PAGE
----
1.1 - THE COLD WAR
In the years following World War II, the United States entered a period of technological competition with the then Soviet Union called the Cold War. It was a classic quality ver-sus quantity confrontation. The Soviets designed and built tough, technically simple, iterative systems that could be produced in large numbers. The United States usually chose the latest technological solution and relied on projected higher "kill ratios" to prevail in combat even if the confrontations were between Soviet and U. S. Third-World clients.
By the middle of the 1960s, a terrible truth was obvious about the U. S. commitment to high technology. Our systems were fragile, expensive to support, and short-lived when employed. The F-111 aircraft was the classic example. Brilliant in concept, it was formidable on the rare occasion when everything worked and lasted for the duration of a mission. The amount of equipment and number of personnel required to support that aircraft and the support costs involved were shocking. A new philosophical approach was definitely required.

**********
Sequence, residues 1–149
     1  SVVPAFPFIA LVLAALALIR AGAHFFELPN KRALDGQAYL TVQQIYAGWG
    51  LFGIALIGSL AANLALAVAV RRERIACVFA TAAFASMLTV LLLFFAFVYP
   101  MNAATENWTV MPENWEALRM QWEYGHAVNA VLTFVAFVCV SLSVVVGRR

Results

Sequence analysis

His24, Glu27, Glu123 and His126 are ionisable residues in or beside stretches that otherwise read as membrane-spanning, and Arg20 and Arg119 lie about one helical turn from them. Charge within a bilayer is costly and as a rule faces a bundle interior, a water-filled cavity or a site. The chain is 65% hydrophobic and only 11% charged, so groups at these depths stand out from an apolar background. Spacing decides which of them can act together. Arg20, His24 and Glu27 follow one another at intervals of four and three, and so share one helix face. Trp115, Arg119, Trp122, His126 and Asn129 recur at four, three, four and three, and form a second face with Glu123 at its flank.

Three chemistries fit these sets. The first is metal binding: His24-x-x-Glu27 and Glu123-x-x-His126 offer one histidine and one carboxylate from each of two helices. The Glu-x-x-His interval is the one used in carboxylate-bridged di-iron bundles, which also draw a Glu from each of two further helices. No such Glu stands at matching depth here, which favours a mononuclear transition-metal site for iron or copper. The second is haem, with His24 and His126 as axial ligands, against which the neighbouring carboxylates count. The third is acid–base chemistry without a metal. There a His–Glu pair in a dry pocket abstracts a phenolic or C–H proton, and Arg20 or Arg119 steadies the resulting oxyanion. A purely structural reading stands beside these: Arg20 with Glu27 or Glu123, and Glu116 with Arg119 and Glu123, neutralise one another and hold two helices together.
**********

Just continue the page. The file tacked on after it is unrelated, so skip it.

The philosophy was simple to state: Influence the design of a system from its conception so that support was considered and life-cycle costs minimized. The implementation was more difficult. The iterative nature of the design and manufacturing process created disciplinary "stovepipes" that resisted the intrusion of support considerations on design, and the logisticians lacked an effective tool-set to credibly present their arguments. Intuition wasn't good enough.
Adapted from Romer, Richard: "The
Barbarians at the Gate," Logistics Spectrum, Fall